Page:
Tetrahydrobiopterin reverses the impairment of acetylcholine-induced vasodilatation in diabetic ocular microvasculature

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The purpose of this study is to test whether tetrahydrobiopterin, an essential cofactor in nitric oxide synthesis, can reverse endothelium dysfunction in diabetic ocular circulation. Using the streptozotocin-induced diabetic rat model and the isolated perfusion eye technique, the response to the acetylcholine (an endothelium-dependent vasodilator mediated by stimulated nitric oxide release) induced vasodilatation of the diabetic ocular vasculature before and after tetrahydrobiopterin administration was compared. Age matched normal rats were used for reference response. Six streptozotocin-induced diabetic rats and eleven control rats at 21.5 +/- 0.2 weeks and 21.2 +/-. 2.1 weeks postinduction, respectively, were used. The dose response curve from the diabetic eyes was found to be significantly different From that of the control eyes (p <0.001) with significantly reduced responses to 10(-4)M acetylcholine. After 30 min of administration of tetrahydrobiopterin to the diabetic eyes, however, the acetylcholine-induced vasodilatation response was significantly (p <0.001) increased compared with the response prior to tetrahydrobiopterin administration. The vasodilatory response in the diabetic eyes after tetrahydrobiopterin administration was at a level that was comparable with the control response (p = 0.742). We have shown that acute administration of tetrahydrobiopterin is effective in reversing to control level the impaired acetylcholine-induced vasodilatory response at 21.5 +/- 0.2 weeks postinduction. Our result suggests that a decreased level of tetrahydrobiopterin in the eyes of the streptozotocin-induced diabetic rats may be responsible for the ocular vascular endothelium dysfunction.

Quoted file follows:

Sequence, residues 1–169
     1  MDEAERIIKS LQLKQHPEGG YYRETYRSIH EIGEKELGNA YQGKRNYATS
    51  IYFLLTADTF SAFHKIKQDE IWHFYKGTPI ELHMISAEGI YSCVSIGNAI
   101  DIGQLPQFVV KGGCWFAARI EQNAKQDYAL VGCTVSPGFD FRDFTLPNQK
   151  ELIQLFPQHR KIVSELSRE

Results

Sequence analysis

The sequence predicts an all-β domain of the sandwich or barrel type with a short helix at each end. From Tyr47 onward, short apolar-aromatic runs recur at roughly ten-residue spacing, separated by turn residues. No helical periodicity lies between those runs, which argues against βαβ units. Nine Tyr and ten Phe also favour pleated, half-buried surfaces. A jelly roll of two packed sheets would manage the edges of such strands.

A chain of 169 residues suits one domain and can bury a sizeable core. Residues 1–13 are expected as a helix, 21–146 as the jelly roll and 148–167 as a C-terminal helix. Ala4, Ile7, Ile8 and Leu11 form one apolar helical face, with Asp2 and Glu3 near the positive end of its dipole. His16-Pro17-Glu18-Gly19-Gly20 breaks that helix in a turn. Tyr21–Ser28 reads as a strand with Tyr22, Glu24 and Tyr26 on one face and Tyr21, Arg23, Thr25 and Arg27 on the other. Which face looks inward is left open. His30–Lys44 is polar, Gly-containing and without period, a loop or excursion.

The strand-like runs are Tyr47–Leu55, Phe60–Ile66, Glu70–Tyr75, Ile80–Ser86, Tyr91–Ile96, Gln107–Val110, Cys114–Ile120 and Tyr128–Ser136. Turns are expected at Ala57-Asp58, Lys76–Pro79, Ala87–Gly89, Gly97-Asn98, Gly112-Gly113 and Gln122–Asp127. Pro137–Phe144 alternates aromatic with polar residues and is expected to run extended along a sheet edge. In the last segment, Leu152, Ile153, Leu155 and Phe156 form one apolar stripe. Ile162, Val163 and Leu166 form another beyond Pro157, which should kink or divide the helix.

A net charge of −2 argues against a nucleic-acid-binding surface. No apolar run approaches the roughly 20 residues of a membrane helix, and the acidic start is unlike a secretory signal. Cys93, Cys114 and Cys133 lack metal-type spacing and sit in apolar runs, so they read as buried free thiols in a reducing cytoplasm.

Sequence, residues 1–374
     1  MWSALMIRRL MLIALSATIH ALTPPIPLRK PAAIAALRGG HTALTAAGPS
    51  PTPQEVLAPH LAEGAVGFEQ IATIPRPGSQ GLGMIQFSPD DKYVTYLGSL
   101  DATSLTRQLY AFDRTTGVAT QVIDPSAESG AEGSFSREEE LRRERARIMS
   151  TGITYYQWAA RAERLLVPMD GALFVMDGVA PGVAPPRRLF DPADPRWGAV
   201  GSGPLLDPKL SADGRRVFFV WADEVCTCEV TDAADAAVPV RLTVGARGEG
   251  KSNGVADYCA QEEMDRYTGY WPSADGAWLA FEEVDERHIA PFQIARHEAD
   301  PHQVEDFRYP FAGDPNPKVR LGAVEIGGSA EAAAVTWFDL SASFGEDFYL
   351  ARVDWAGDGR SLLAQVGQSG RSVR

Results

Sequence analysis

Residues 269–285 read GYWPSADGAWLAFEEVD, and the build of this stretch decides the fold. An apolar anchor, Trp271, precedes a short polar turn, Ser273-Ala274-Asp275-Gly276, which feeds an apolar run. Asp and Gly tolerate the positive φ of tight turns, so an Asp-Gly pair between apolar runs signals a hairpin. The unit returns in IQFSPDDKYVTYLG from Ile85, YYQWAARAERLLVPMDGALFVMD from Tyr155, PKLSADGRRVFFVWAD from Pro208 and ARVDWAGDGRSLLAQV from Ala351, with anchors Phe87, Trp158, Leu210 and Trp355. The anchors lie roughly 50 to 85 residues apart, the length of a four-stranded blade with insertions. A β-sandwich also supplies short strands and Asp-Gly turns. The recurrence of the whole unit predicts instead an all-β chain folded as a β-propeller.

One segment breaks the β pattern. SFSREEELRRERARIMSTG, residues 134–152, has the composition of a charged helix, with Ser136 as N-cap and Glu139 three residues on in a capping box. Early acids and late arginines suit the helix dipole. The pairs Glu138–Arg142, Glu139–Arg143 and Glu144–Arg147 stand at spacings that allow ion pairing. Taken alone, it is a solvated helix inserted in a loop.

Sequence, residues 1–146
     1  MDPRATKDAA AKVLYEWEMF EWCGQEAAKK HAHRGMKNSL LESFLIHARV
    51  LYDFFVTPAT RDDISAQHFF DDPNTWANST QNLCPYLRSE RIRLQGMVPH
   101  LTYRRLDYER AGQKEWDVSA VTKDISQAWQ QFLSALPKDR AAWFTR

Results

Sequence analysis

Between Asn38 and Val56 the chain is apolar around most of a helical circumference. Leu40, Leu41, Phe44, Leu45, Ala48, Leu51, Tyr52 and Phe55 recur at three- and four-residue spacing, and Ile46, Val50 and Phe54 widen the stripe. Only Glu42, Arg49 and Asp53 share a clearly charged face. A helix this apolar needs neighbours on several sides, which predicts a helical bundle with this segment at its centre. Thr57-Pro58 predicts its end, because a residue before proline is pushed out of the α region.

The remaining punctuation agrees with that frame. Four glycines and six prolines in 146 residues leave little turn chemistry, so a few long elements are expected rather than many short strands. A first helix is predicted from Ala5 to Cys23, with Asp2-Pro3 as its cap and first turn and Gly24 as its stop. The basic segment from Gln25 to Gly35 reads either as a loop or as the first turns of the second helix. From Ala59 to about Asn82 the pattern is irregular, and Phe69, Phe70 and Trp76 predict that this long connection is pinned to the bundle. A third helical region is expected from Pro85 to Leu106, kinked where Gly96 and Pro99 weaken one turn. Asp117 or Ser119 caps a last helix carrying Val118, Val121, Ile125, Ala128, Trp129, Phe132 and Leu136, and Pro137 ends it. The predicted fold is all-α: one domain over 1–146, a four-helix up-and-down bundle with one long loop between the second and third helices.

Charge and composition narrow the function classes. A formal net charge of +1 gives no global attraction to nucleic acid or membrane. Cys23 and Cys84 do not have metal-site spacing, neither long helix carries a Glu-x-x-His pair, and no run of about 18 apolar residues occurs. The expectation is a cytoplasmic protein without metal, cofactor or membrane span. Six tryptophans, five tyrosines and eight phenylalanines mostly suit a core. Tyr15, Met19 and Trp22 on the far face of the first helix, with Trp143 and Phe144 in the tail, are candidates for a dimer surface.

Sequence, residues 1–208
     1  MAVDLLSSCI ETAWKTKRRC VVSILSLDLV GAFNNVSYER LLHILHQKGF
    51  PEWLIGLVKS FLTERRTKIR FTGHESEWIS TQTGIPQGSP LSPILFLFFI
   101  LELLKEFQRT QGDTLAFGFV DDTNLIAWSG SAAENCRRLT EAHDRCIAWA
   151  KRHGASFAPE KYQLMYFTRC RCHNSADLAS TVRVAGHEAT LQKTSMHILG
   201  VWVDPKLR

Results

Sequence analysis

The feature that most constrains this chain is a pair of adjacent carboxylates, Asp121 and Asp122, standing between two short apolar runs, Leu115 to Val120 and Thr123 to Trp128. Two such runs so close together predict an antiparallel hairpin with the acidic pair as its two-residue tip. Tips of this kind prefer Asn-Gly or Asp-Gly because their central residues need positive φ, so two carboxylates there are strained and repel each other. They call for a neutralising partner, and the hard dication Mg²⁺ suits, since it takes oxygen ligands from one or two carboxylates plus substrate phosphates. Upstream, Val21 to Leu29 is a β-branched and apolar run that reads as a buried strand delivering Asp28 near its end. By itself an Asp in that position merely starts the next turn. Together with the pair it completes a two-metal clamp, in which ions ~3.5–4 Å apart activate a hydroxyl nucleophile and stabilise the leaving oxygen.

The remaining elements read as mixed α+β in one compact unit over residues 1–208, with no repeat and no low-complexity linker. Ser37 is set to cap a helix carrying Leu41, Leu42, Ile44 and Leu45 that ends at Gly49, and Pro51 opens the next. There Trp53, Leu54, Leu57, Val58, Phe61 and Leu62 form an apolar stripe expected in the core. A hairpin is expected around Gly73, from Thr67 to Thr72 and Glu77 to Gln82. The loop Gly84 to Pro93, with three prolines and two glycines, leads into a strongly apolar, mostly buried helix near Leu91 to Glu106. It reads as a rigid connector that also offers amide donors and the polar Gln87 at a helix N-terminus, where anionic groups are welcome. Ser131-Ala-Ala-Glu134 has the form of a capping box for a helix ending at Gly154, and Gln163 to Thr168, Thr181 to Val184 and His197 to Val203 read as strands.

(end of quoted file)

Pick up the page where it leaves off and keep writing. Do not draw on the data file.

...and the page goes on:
Original languageEnglish
Pages (from-to)123-129
JournalJournal of Ocular Pharmacology and Therapeutics
Issue number2
Publication statusPublished - 2001


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